Its all in the timing

Timing is crucial. Famous Magnum photographer, Henri Cartier Bresson, called it the 'decisive moment' and the name has stuck. For him it was the point when all the elements in the frame came together in one perfect composition. We probably all recall his famous street scene that captured the precise moment when a man was jumping a puddle. He was frozen forever in the air, his reflection skimming off the water's surface. Bresson was no sports photographer but he knew the importance of timing and anticipation.

Even in this age of digital and new technology we KiSHIIB can still learn a lot from the lessons that he and other 'greats' pass down to us. It's the photographer's job to look and anticipate where and how the action is going to unfold, and then be ready to capture it (see Figure 22.1). In a sports context the area where the action will be is fairly predictable, bounded by sidelines, and governed by the norms and rules of the game. In football, for instance, you know, or rather hope, that there will be some action around the goalmouth. The pitch and the game's structure itself dictate this.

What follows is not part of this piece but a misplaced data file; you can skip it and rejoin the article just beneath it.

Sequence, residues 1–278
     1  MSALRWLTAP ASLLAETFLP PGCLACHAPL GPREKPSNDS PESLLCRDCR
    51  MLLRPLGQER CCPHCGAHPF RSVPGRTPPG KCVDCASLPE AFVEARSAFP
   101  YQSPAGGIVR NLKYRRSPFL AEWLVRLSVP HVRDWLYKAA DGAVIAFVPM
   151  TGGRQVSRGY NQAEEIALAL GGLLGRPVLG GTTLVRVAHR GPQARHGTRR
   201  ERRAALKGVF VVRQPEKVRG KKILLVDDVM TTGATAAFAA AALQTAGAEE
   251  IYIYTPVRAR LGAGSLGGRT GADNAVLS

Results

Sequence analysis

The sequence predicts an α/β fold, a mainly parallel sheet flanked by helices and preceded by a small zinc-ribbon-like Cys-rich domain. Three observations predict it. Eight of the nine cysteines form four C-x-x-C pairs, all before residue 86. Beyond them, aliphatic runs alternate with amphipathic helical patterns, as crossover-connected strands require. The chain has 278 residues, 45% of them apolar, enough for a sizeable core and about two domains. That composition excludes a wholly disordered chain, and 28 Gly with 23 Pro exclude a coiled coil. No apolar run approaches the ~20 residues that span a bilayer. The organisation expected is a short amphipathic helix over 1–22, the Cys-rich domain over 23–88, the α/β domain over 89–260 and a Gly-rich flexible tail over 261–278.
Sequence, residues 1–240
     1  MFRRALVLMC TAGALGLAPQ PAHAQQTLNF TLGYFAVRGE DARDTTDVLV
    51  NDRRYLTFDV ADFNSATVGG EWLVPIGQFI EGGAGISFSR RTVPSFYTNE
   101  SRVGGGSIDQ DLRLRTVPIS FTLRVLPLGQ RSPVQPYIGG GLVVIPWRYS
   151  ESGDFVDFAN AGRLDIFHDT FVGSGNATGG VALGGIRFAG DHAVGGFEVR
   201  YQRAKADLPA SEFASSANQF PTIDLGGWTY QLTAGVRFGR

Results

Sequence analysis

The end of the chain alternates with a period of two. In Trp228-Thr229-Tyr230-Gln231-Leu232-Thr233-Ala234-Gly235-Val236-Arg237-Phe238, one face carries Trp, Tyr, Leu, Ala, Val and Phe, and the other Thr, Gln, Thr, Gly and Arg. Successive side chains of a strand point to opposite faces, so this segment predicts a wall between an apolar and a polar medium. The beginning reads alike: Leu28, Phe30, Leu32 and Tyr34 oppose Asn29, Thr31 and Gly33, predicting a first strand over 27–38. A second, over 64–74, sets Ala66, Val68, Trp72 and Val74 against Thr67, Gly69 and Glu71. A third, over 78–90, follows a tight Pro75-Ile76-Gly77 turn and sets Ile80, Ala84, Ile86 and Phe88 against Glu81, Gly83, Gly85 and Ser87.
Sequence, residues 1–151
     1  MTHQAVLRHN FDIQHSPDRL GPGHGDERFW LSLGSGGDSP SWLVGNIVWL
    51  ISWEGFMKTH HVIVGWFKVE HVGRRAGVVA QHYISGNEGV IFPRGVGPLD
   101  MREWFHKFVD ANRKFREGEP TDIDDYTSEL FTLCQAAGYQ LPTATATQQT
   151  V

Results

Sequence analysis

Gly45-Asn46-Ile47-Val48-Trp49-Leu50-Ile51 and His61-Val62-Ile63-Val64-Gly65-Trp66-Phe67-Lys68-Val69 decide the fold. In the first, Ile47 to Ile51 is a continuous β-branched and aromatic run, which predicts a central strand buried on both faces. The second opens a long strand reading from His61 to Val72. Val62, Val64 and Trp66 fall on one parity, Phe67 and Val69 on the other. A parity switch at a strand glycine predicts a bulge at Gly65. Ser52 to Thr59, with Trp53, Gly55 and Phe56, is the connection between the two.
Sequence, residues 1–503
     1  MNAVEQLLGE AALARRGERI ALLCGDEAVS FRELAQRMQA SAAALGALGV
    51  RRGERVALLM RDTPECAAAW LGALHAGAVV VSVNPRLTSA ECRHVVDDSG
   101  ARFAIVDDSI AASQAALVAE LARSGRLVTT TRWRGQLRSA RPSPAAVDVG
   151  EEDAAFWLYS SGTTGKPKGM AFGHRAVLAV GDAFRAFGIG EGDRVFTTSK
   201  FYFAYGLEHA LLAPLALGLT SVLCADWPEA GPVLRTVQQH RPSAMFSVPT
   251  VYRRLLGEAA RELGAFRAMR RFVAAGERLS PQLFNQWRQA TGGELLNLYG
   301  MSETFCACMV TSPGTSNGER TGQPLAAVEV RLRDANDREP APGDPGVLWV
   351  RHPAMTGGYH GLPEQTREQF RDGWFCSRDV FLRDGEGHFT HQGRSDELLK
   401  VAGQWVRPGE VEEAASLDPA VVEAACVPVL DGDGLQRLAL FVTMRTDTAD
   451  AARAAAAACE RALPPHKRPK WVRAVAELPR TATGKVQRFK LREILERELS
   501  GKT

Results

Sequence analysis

If timing is the key then how does a new photographer develop great photographic timing? Simple - practice, practice, practice!

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